Mooring analysis and design for offshore WEC survivability and fatigue (MoorWEC)

Lead Research Organisation: University of Manchester
Department Name: Mechanical Aerospace and Civil Eng


Wave energy globally has potential average power slightly less than wind but this has been unexploited to date. We are concerned here with wave energy converters (WECs) offshore, before the energy resource is reduced by shallow-water effects, which would be suitable for grid scale electricity generation. Individual WEC capacity has been considered to be much smaller than for wind turbines and cost of energy (COE) considerably larger. However, with multi-mode, multi-float systems, capacity may be similar to or greater than wind in some locations and COE has been estimated to be similar to offshore wind. Survivability in extreme waves needs to be established, along with reliability of components. The mooring is the most vulnerable structural component of an offshore wave energy converter. Snap loads are a particular problem in extreme waves, and also in intermediate waves affecting fatigue. There is a widespread consensus in the wave energy community that mooring system design and modelling is a major challenge that needs to be overcome. Although literature and design guidelines for conventional ocean engineering applications are abundant, in general they do not account for the requirements of wave energy conversion, where the mooring should not inhibit platform motion causing the energy generation. Design, optimization, and assessment of mooring systems require efficient hydrodynamic and dynamic mooring models, which should be fully coupled to represent all interactions. There are various mooring options: catenary slack moored, elastic taut moored, combinations with single point (buoy) moorings, and nylon/polyester ropes offer an economic option while reducing snap loads. While some progress has been made with nonlinear hydrodynamic WEC loading models for point absorbers, an efficient general nonlinear hydrodynamic loading model for multi-bodies, accounting for wave breaking, is presently not available. Computational fluid dynamics (CFD) simulations require days, even weeks, to run on multiple processors and is unreliable for complex dynamic problems. The intention here is generalise efficient linear hydrodynamic load models by including the fully nonlinear force component due to the pressure field in the waves, known as the Froude-Krylov force. This has improved predictions of response and mooring load, markedly in some cases. This will be advanced through comparison with experimental wave basin tests and formally generalised through system identification, for single and multi-bodies with a range of mooring configurations in representative, generally multi-directional wave fields and currents. The convenient simplification of linear wave input will also be assessed with a revised force formulation determined by system identification. These force formulations will be coupled with the general industry-standard mooring model Orcaflex accounting for dynamic and material properties enabling design optimization using multi-objective genetic algorithms. This will enable survivability, fatigue and reliability analyses.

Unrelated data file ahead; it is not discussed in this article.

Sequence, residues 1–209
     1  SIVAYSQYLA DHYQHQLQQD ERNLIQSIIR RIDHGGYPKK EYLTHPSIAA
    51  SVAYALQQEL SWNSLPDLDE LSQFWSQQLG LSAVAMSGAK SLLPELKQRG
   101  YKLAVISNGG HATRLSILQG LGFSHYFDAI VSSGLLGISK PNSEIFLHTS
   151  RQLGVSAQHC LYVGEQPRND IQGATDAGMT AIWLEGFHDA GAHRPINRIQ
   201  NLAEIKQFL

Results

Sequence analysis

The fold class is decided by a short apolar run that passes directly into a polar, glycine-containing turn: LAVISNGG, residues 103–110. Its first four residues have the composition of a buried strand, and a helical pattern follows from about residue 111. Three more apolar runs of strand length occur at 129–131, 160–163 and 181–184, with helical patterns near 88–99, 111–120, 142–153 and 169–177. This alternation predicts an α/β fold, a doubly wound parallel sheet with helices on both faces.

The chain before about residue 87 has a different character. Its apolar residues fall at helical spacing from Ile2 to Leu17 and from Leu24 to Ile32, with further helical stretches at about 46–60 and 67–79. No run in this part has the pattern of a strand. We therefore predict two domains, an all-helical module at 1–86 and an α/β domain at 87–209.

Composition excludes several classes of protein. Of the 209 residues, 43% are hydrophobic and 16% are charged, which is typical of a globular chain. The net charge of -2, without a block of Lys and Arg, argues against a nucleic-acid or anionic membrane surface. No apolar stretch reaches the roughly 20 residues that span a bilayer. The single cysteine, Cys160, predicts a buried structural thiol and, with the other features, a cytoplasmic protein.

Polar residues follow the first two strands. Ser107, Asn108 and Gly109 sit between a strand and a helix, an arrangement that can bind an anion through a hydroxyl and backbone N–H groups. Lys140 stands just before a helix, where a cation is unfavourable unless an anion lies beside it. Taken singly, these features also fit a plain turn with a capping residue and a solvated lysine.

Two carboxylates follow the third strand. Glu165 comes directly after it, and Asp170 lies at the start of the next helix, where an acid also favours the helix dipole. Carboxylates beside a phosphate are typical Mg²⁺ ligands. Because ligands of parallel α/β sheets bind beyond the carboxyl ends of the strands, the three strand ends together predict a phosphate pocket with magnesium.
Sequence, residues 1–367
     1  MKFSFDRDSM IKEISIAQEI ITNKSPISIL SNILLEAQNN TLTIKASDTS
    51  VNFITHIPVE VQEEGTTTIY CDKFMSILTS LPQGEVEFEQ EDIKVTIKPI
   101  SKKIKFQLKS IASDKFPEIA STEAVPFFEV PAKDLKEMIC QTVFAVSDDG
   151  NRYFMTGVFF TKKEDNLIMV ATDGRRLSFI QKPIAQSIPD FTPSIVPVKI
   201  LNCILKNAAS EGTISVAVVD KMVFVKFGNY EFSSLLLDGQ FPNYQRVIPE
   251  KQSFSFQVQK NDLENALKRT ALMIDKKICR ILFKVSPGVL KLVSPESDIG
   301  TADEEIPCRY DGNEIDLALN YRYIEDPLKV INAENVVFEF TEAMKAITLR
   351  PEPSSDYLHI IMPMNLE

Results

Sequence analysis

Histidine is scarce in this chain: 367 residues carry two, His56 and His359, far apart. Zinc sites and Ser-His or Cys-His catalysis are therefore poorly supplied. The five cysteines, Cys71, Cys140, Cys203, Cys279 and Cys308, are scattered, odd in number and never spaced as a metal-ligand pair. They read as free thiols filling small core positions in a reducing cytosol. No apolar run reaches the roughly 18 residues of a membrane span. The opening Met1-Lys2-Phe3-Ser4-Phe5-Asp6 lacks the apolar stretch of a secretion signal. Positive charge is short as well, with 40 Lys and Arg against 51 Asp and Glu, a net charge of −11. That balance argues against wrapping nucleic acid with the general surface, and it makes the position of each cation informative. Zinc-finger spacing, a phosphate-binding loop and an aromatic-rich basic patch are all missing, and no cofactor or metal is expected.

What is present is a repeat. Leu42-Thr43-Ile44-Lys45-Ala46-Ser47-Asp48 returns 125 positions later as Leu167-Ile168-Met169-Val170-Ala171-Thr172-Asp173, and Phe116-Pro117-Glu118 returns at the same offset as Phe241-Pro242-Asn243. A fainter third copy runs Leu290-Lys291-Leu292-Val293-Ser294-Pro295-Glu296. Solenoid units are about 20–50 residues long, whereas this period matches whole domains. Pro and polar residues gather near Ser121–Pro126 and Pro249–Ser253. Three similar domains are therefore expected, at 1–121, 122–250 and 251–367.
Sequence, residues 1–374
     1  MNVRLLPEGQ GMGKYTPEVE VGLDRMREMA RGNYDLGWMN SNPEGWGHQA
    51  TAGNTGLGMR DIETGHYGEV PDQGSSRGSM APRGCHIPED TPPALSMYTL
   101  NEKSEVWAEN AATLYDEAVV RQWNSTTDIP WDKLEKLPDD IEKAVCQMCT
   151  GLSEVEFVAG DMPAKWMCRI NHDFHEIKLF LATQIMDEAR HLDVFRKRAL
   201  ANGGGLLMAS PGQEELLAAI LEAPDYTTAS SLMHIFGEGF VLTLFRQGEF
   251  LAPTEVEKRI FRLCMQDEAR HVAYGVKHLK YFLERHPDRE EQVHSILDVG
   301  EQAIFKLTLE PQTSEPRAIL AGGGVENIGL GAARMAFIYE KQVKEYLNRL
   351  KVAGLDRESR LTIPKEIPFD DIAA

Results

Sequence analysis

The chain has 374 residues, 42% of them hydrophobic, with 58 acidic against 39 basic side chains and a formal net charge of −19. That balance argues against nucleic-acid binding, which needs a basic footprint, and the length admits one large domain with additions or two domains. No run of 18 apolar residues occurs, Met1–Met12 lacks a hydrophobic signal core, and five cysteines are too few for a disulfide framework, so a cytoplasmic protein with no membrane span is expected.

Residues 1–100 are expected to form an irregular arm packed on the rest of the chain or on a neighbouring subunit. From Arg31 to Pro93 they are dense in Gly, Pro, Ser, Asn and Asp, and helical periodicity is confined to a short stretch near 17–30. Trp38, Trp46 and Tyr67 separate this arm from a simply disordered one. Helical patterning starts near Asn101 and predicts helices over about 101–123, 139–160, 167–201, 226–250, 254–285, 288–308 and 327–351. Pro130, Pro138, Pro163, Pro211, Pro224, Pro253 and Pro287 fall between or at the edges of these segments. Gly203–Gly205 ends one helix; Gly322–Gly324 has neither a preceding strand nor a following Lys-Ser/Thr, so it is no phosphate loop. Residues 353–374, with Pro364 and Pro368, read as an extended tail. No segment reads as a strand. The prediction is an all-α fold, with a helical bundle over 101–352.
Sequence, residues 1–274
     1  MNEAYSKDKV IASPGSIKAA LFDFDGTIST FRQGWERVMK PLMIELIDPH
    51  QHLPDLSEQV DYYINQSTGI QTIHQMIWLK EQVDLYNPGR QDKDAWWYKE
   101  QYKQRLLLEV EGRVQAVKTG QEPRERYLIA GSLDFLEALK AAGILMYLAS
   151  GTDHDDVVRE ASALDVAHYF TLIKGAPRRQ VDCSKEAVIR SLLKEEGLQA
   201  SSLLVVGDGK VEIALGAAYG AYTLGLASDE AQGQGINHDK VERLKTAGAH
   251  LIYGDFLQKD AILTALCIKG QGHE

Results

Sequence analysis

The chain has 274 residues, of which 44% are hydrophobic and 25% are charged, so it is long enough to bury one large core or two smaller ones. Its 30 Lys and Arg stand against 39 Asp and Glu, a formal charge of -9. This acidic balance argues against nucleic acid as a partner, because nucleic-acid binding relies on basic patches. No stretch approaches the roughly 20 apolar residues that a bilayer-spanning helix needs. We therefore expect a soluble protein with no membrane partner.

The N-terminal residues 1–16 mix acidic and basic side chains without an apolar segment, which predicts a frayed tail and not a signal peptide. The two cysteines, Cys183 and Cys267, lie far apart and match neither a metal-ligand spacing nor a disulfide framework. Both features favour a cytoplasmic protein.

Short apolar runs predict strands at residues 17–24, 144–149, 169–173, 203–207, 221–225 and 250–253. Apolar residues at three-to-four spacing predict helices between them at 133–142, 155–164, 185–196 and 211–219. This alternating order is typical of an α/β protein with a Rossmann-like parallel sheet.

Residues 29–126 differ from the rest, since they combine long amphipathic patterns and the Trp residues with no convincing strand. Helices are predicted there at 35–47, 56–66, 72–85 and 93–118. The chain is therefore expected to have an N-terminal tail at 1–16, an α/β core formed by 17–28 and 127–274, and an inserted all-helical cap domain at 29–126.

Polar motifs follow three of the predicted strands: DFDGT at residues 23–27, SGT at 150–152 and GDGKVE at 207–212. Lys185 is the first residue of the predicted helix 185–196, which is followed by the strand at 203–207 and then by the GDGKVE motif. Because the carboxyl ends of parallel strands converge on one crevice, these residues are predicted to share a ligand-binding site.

Description Ocean testing of M4 WEC in Albany, Australia 
Organisation University of Western Australia
Country Australia 
Sector Academic/University 
PI Contribution We have provided the design , hydrodynamic modelling and experimental results to the project.
Collaborator Contribution Partners are providing structural design, deployment at 1/4 scale, oceanographic modelling for Albany site.
Impact yet to result
Start Year 2021